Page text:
Canyonlands Health Care Special Service District board member Kirstin Peterson highlighted the main points in a statement on a proposed health care sales tax increase that will appear on county voters' ballots this fall. [Photo by Rudy Herndon / Moab Sun News]

If county voters don’t approve a proposed health care sales tax on the November ballot, and the Canyonlands Care Center can’t find another reliable funding source, the facility will be forced to close its doors.

That is the message that the care center’s governing board is sending to the local electorate, ahead of the Nov. 8 general election.

“In effect, we’re saying it almost as a fact, that if the sales tax doesn’t pass, our job is going to be to go through this orderly shutdown process, and I think it’s important that people know that, because if it is a fact, it’s a crucial fact,” Canyonlands Health Care Special Service District (CHCSSD) Board vice chair Doug Fix said during the board’s meeting on Thursday, Aug. 25.

Fix conceded that the statement also sounds like a “threat,” but he said he doesn’t see a way to soft pedal the financial situation that the care center is facing, after a sharp drop in funding from mineral lease revenues.

“In the election context, we can’t pretend that’s not true,” he said. “People, unless they believe you, are going to think you’re blowing smoke.”

The proposed tax would raise an additional penny for every $2 – or 50 cents for every $100 – that residents and visitors spend on goods and services, excluding gasoline and “groceries used in food preparation.” It’s unclear if the tax could be imposed on, say, potato chips that are added to salads or other unusual recipes.

In addition to funding the care center’s operating expenses and other costs, portions of the tax would go to Grand County Emergency Medical Services (EMS), which currently faces a projected shortfall of $480,000.

Neither entity receives any money from Grand County’s general fund, although both have benefited until recently from county allocations of mineral lease revenues.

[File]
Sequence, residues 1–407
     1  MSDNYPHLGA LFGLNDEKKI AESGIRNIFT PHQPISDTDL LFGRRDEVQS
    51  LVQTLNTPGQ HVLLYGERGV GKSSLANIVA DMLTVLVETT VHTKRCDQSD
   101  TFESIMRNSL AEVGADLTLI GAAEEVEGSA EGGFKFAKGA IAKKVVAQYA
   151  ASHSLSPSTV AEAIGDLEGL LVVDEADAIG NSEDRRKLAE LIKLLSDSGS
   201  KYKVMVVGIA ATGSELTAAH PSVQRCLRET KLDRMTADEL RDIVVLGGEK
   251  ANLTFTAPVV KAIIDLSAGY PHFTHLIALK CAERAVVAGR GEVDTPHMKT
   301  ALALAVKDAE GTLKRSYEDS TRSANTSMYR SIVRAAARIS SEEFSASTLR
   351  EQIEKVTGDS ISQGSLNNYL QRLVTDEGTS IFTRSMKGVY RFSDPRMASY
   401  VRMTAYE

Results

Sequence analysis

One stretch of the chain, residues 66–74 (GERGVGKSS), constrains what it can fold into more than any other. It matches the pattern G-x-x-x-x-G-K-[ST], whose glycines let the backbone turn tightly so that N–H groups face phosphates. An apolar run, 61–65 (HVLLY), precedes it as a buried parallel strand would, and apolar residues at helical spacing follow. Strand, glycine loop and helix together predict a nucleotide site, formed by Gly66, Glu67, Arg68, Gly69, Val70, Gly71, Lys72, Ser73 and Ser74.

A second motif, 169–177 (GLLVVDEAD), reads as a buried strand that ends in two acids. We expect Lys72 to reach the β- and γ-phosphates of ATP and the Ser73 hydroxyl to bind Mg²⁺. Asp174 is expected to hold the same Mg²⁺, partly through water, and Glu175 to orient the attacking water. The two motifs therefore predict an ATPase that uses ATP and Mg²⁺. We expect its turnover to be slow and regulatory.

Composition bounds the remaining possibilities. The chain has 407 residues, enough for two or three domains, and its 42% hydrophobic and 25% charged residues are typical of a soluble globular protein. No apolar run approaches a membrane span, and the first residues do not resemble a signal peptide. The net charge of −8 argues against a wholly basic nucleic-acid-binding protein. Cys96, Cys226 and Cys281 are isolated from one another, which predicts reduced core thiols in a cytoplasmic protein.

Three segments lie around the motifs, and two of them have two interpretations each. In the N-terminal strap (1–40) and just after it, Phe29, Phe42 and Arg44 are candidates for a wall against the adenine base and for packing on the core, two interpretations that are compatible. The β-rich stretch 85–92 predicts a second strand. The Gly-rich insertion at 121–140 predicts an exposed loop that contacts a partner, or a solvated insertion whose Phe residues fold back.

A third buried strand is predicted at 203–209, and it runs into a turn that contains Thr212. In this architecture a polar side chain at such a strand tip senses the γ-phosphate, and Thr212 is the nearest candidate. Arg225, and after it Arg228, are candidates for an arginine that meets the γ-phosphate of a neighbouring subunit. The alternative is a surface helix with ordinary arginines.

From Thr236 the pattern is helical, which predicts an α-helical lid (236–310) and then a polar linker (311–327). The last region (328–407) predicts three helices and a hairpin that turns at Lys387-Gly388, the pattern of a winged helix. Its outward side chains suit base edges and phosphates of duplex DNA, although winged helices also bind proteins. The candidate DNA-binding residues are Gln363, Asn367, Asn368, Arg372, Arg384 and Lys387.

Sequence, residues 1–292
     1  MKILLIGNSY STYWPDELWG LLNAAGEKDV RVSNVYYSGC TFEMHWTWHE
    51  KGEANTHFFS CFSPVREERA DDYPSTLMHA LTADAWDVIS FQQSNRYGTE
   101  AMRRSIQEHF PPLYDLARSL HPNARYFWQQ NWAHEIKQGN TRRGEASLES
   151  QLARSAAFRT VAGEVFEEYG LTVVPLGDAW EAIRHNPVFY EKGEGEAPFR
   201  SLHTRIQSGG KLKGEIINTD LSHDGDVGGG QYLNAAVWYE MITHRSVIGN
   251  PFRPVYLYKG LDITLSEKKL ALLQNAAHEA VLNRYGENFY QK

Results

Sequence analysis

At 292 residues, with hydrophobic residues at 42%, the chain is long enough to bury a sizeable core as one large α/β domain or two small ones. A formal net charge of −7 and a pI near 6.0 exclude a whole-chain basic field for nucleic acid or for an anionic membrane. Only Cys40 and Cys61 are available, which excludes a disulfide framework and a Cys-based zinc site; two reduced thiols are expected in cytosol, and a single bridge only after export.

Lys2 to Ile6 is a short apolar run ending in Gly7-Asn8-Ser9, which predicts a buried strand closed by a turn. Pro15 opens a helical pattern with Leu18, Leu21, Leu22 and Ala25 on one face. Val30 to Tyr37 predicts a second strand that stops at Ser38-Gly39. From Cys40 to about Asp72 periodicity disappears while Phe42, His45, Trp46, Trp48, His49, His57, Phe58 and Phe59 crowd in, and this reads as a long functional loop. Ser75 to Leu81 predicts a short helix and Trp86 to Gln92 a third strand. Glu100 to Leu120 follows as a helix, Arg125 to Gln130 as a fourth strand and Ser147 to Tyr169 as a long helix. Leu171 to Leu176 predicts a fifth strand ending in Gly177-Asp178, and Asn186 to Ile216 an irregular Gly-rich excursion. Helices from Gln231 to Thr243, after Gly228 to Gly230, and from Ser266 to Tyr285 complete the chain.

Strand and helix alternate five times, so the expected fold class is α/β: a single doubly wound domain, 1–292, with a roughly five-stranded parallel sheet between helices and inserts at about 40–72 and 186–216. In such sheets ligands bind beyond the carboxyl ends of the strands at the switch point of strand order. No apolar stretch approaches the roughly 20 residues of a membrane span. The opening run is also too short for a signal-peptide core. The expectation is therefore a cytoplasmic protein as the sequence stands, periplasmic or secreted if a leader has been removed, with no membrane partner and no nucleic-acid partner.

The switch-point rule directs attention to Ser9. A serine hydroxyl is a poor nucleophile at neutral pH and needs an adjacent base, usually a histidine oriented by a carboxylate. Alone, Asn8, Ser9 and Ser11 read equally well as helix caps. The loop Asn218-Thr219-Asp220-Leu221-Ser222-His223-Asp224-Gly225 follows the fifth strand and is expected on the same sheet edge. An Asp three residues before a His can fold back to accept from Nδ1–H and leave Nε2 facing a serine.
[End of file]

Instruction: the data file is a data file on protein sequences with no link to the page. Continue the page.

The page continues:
The payments are staggered out over an 18-month period, so the district didn’t feel the immediate effects of the dropoff after oil prices tanked in late 2014, and oil and gas operations near Moab slowed down considerably. But once that period ended, the health care district’s share of mineral lease revenues plunged from more than $1 million during the previous two years, to an estimated $250,000 to $300,000 this year.

Grand County Republican Party chair Curtis Wells called the proposed increase “another painful reminder” of the county’s inability to exercise sound financial planning.

“While mineral commodity markets are down due to over-supply, Grand County hasn’t done itself any favors with local industry,” he said. “We’ve taken an overly aggressive stance against mineral production within our county.”

Change to state law makes proposed tax possible

The proposal only made it onto the upcoming ballot after the district successfully lobbied the Utah State Legislature, which passed a law in 2014 that allows district-owned care centers in the state to pursue the tax.

Between then and now, extra mineral lease money gave the district a stay, so the district kept building its reserves until it could come up with a “well-orchestrated proposal” for a tax increase.

“I don’t think anyone thought it made sense to go asking for a sales tax when we were flush with money for a little while, even though I think nobody expected it to last,” Peterson said. “(They) also didn’t expect it to drop so precipitously.”

During that time, the district and the care center’s administrators worked to improve the facility’s operations, while diversifying its revenue sources.

One of their biggest efforts paid off this summer, when state inspectors spent three days auditing the care center’s operations, and then declared that it is “deficiency-free.” That’s a status that only 7 percent of 88 long-term care facilities in Utah received within the last year, according to Canyonlands Care Center Administrator Kim Macfarlane.

In other good news for the facility, every one of its 36 beds is currently filled, and it even had a five-person waiting list as of late last week. Macfarlane is also hoping to work out a contract with the Veterans Administration (VA) that would bring more residents to the care center, even though it doesn’t have the space to accommodate them right now.

Just last week, the board voted to raise the rates that the care center charges its private-pay residents, who occupy about one-third of the beds at the facility. Beginning in October, those residents will see their rates climb over a five-month period by an extra $10, from $220 per day to $230 per day.